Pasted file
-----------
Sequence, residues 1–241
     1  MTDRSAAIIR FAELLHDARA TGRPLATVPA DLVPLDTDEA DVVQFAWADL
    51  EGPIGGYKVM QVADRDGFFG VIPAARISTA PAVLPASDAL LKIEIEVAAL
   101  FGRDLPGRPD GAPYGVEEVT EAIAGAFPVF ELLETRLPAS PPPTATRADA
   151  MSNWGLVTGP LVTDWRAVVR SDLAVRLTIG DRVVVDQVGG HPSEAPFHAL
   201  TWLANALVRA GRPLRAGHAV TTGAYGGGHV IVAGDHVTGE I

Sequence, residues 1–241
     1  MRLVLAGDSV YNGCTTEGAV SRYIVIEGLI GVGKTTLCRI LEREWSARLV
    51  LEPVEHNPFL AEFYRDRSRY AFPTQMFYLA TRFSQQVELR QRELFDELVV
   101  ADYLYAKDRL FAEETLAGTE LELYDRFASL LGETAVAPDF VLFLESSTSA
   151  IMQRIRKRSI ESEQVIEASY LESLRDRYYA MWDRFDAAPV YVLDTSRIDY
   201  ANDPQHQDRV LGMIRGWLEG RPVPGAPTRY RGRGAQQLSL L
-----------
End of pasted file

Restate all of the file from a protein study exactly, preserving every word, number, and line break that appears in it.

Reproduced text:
Sequence, residues 1–241
     1  MTDRSAAIIR FAELLHDARA TGRPLATVPA DLVPLDTDEA DVVQFAWADL
    51  EGPIGGYKVM QVADRDGFFG VIPAARISTA PAVLPASDAL LKIEIEVAAL
   101  FGRDLPGRPD GAPYGVEEVT EAIAGAFPVF ELLETRLPAS PPPTATRADA
   151  MSNWGLVTGP LVTDWRAVVR SDLAVRLTIG DRVVVDQVGG HPSEAPFHAL
   201  TWLANALVRA GRPLRAGHAV TTGAYGGGHV IVAGDHVTGE I

Sequence, residues 1–241
     1  MRLVLAGDSV YNGCTTEGAV SRYIVIEGLI GVGKTTLCRI LEREWSARLV
    51  LEPVEHNPFL AEFYRDRSRY AFPTQMFYLA TRFSQQVELR QRELFDELVV
   101  ADYLYAKDRL FAEETLAGTE LELYDRFASL LGETAVAPDF VLFLESSTSA
   151  IMQRIRKRSI ESEQVIEASY LESLRDRYYA MWDRFDAAPV YVLDTSRIDY
   201  ANDPQHQDRV LGMIRGWLEG RPVPGAPTRY RGRGAQQLSL L